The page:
If you have not heard of Gina Berriault, you should feel sinned against. However, maybe you have heard the name. After all, she did win the National Book Critics Circle Award, the PEN/Faulkner Award, and the Bay Area Book Reviewers Award for her collection of short stories Women in Their Beds (1997). In 1997, she also won the Rea Award for the Short Story due to her outstanding achievement in the short story form. (“The Woman in the Rose-Colored Dress” is one of the great short stories of all time.) And, even if the name rings some distant bell, I suspect few of my readers, as well- and widely- read as they are, have cracked a novel by Gina Berriault. If I am right, it is a most unfortunate fact. This review is one attempt to remedy the underappreciation of Gina Berriault as a novelist.

I will admit to first developing an interest in Ms. Berriault when she won awards for Women in Their Beds. I had not heard of her before then, but quickly sought out one of her novels in when I heard someone lauding her as a writer’s writer. She was that, in at least two senses of the phrase. First, she was underappreciated among the general book buying public and so, in a fact if not motivation, wrote mostly for other writers who knew about her. Second, but more importantly, she was an incredibly talented writer who wrote with artistry and depth. Her skill with a pen has been matched only rarely. She is the kind of writer writers respect, the kind of writer writers want to be.

While Women in Their Beds is an outstanding collection of short stories, many of us prefer to read novels. Besides, that collection is an award-winner. However precious, it is not a sufficiently obscure literary gem to be treasured for its discovery as well as its contents. Her novels are.

If I were simply recommending one work by Berriault, I would start with her final novel, a short masterpiece: The Lights of Earth. However, I am not simply recommending Gina Berriault. This is a review of her short (143 pages) novel Afterwards, originally published in 1962 as A Conference of Victims.

Afterwards opens with the following:

The day was election day but Hal O. Costigan, candidate for Congress, was nowhere around to have his picture taken as the winner or the loser. By his own choice he was nowhere around to care. The day was warm and windless, the large flags at the polling places rustling a little toward evening. Inside garages swept clean and living rooms tidied up, women with an official look appropriate to the day sat at card tables and checked off the names of the voters. Everything was as it should be, except one: a dead man’s name was on the ballot.

We quickly learn that the married candidate for Congress, Hal O. Costigan, committed suicide shortly after being caught in an affair with a seventeen year-old girl. AfterwardsThis novel relates the afterwards.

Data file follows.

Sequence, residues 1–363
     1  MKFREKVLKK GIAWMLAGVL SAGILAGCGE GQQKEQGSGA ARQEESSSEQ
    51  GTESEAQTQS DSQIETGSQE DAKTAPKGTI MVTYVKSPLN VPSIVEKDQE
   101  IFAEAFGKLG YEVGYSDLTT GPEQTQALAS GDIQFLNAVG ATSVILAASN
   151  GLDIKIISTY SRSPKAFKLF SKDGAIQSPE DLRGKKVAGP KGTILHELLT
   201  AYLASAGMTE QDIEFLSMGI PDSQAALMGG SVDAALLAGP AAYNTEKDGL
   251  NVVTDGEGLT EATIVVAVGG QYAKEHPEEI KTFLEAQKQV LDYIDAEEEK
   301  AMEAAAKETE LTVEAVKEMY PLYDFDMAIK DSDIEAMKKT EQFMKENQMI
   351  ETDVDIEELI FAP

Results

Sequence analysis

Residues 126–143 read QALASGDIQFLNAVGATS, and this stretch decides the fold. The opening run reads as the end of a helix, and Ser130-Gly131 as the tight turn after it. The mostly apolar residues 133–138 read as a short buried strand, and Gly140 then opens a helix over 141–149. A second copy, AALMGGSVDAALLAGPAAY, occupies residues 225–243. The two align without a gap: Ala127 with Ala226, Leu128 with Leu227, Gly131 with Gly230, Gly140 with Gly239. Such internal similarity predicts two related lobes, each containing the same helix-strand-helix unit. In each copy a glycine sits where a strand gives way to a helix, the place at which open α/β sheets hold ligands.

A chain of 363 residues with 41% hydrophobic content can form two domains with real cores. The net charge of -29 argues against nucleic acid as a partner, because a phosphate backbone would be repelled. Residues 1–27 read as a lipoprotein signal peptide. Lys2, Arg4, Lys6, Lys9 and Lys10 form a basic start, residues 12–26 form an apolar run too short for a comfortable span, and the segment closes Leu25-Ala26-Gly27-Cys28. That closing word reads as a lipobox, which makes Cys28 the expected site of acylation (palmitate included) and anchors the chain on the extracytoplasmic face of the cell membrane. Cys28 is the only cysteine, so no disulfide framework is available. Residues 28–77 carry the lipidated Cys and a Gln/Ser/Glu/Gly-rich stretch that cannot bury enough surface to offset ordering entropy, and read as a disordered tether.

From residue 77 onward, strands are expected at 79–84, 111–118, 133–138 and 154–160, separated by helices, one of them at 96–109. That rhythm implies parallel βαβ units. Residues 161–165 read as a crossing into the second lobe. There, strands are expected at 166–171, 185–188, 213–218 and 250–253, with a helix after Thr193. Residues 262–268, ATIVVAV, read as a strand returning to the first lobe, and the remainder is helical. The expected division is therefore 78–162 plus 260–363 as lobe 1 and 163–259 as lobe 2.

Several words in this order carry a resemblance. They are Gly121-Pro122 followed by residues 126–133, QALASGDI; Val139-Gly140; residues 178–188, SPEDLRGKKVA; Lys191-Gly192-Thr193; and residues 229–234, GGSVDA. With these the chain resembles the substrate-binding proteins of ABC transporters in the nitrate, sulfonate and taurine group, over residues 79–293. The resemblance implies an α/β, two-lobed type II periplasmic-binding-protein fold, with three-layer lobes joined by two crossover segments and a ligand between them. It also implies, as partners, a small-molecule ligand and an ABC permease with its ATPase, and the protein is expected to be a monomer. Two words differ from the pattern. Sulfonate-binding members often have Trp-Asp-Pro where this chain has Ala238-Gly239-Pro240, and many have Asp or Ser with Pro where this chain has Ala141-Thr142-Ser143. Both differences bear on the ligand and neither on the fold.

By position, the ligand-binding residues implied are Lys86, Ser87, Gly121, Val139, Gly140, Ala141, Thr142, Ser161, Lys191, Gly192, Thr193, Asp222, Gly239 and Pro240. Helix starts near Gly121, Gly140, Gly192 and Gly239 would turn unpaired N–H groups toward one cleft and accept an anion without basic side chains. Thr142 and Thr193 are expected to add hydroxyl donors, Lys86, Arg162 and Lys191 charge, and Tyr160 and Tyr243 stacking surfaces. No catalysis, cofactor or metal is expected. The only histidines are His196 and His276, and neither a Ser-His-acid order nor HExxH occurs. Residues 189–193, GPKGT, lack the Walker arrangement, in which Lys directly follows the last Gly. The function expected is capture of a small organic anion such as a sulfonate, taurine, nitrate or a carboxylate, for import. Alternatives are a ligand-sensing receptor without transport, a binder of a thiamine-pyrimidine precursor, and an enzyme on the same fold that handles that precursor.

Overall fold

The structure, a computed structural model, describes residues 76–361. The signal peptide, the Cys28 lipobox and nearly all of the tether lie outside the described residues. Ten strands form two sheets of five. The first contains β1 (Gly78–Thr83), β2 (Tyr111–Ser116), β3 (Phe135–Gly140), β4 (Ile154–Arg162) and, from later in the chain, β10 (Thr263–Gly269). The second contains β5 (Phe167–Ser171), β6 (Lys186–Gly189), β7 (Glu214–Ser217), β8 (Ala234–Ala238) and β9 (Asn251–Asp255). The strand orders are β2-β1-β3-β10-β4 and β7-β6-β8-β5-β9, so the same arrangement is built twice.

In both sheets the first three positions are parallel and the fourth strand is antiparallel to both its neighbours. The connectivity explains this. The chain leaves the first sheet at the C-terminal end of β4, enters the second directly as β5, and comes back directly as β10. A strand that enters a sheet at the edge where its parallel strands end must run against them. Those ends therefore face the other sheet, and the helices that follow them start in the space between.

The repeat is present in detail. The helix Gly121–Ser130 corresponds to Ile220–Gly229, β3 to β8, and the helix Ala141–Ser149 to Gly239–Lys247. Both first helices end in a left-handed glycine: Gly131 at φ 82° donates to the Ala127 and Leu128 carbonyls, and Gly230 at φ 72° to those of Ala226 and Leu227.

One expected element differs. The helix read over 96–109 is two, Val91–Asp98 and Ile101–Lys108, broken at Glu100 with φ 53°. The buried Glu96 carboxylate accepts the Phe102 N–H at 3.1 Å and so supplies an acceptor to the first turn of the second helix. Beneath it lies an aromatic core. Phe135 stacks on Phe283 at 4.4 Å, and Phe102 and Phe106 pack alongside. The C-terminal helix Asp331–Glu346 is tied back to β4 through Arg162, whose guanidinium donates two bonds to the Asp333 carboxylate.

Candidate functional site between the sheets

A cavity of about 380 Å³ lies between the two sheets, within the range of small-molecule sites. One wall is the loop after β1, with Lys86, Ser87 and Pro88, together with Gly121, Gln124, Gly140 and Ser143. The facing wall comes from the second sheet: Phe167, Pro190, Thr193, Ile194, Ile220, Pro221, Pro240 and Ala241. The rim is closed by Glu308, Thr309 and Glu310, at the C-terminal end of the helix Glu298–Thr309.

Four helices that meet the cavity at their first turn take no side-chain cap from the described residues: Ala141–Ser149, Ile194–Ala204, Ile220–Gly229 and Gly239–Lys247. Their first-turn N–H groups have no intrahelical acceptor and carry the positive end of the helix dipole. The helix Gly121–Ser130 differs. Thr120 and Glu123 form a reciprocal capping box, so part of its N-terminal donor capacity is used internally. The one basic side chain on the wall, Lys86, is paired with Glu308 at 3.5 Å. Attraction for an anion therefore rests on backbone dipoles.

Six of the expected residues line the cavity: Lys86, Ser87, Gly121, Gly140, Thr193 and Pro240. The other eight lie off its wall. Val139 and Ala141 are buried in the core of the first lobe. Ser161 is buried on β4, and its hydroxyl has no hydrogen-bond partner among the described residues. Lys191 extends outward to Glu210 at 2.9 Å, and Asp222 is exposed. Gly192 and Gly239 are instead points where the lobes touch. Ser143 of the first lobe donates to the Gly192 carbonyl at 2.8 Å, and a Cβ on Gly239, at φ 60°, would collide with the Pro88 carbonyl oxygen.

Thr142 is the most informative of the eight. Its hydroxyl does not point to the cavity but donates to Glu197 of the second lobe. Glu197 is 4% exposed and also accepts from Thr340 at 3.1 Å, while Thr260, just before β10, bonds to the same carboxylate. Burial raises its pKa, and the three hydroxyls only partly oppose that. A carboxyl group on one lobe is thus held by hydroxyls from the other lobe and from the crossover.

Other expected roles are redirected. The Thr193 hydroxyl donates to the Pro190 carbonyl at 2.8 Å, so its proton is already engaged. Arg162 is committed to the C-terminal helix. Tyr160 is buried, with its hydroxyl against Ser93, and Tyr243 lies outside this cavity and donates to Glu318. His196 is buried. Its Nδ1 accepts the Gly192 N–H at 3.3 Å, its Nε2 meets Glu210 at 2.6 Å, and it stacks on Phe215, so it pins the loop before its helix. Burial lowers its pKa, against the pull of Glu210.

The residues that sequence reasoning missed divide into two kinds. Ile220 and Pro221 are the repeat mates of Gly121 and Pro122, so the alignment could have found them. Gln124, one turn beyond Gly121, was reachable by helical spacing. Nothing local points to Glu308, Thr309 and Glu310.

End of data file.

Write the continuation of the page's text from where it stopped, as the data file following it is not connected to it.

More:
The chapters are told from the perspective of several of the victims of his suicide. Naomi Costigan, Hal’s sister, is the focus of the first chapter. The second chapter introduces us to Hal’s lover who shares the name Dolores with Nabokov’s Lolita. Hal’s and Naomi’s younger brother Cort Costigan is the focus of the third chapter. Each of the remaining chapters revolves around one of these three characters, with Naomi receiving the bulk of the attention.

Naomi lives with her (and Hal’s and Cort’s) mother. Her mother is convinced Hal was killed. Ms. Berriault effortlessly exposes the family dynamics. After recounting a conversation with Cort in which the mother urges Cort to find Hal’s killer, she tells Naomi:

“…But Cort’s a coward. He’s got a birthmark on his back looks like a little eel.”

“It always looked like nothing to me,” said Naomi.

“An eel. He was always slippery.”

Naomi did not defend her younger brother. Their mother loved him and that was his defense.

Their mother also blames Hal’s wife, Isobel, for not going to the mayor and exposing the true nature of Hal’s death. In short, their mother is in denial.

Naomi is not. Her attempts to point out the truth of Hal’s suicide to her mother are unavailing. But Naomi’s acknowledgment of the facts does not save her. Like the rest of the family, she is preoccupied with Hal and his death.

Hal was very clearly the favorite child. Mother, sister, and brother all revered him. They had defined themselves in relation to Hal and, in the aftermath, they each struggle to find an identity of their own. The most freuqent subject of their thoughts is Hal. They tell the story of Hal to strangers. Almost compulsively, they talk about Hal with each other. The shadow of Hal’s suicide looms dark and cold over their lives.

Perhaps the truest victim is not family. Dolores was only seventeen at the time of the affair and suicide. In an effort to make sense of events, she asks her father why Hal killed himself.

“What you got to learn,” he said, pulling at a dusty boot, “is that everybody is a little bit crazy.”

He glanced at her sideways, a secret glance of satisfaction that said the most respected, the most popular, the ones on their way up, as Costigan, were no better than the dolts, than himself, a maintenance man in an oil refinery, and, in this glance that was without any sympathy for the dead man, he revealed a stoniness of heart she had not glimpsed before. It was not that way all the time, his heart. Only now, and was it his own little bit of craziness? She opened a can of beer for him and set it on the table with a glass, and when he glanced up, his fatherly love for her had returned to his eyes.

Dolores uses the suicide to fill her need for love. She tries to convince herself that Hal’s love for her left him little choice but to commit suicide. He could not leave his wife, but he refused to be without Dolores. This is the story she constructs for herself and various others who come into her life.